Studio GWA along with Susan Benjamin of Benjamin Historic Certifications, LLC was selected by the City of Rockford to perform a Multiple Property Survey on 90 industrial buildings located throughout the City of Rockford. The purpose of the survey was to take inventory of our remaining industrial buildings that have contributed to our growth and prosperity as a community.
The Period of Significance within the survey is 1850-1930. 1930 is an appropriate year to end the Period of Significance, as The Great Depression significantly halted Rockford’s industrial development. Rockford’s industrial expansion in the 1940s, 50s, and 60s is worthy of another survey in the future.
Pictured from top left to bottom right: Howard Colman; Ralph Emerson;
William Burson; Frank Brown; Wait Talcott; John Nelson; P.A. Peterson; William Ziock; Ralph and Robert Greenlee.
The original intent of the survey was to identify the architectural significance of the buildings that still remained. However, that quickly changed with our discovery of the rich industrial history that shaped our community’s development. Truly, this survey is an opportunity to preserve not only the built environment but also the history that occurred within the buildings, more specifically the people, ideas, creativity, and collaboration that has resulted in a continuing legacy for over 170 years. We discovered that a series of fortuitous circumstances, interconnected relationships, and alignment of resources were concentrated in one geographic area that became known as the Water Power District.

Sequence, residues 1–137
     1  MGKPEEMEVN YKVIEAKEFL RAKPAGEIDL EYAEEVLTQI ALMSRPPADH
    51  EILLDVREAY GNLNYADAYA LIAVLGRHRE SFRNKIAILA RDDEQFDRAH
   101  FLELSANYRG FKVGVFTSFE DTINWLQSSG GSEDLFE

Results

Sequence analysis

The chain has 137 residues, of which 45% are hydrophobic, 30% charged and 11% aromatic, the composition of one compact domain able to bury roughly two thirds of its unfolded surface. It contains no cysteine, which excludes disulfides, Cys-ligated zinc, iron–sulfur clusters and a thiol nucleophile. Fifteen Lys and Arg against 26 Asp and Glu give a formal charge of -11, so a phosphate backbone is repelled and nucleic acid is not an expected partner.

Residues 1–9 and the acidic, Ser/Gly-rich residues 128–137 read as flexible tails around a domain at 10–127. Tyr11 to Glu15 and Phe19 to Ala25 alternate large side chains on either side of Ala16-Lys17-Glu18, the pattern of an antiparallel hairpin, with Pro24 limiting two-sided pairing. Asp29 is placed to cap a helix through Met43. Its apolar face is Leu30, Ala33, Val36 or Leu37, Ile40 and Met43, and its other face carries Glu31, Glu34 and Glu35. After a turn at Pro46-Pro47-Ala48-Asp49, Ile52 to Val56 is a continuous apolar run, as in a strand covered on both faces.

Sometimes we don’t listen very well to the lessons that history provides us all the time. We don’t take the time to understand the relevance of events that occurred in the past that resulted in failure, success, or a missed opportunity. This study gave us the opportunity to understand what elements created our successes and what led in some cases to their demise. Through our research, interviews, and a variety of other sources, we offer our perspective and observations of what happened to our industries and what lessons we can apply to today’s environment.
Rockford has had an enormous impact on our country and the world in the products we developed to advance civilization that continues to this day. We were, at the turn of the last century, the epicenter of change and invention. The Water Power District in the late 19th century was equivalent to what occurred in “Silicon Valley” in the 1970’s.
It has been a sincere joy to gather all of this history and information. We owe a great deal of gratitude to our volunteers, researchers, and Rockford Public Library staff that helped track down these nuggets of hidden history. Many thanks to those contributors that offered their own research that literally came out of nowhere to share their passions of Rockford History with us. Personal stories, memoirs, diaries, struggles, failures, and successes, have all contributed to this amazing story of what shaped Rockford.
We’d like to share in a series of blogs the stories of just how influential the Water Power District was. It is fascinating to see how an idea shaped a vision that evolved and grew over time and ultimately created our major industries that flourished, disappeared, or morphed into another industry. The connections are all there, we just need to listen to the lessons of history. We have had a lot of ‘aha’ moments discovering and assembling Rockford’s industrial history. We hope you will too.
Gary Anderson, AIA
“Architecture defines a community’s identity and vision, but it is the passion of its people that defines its character. Design should be purposeful in connecting place with people.”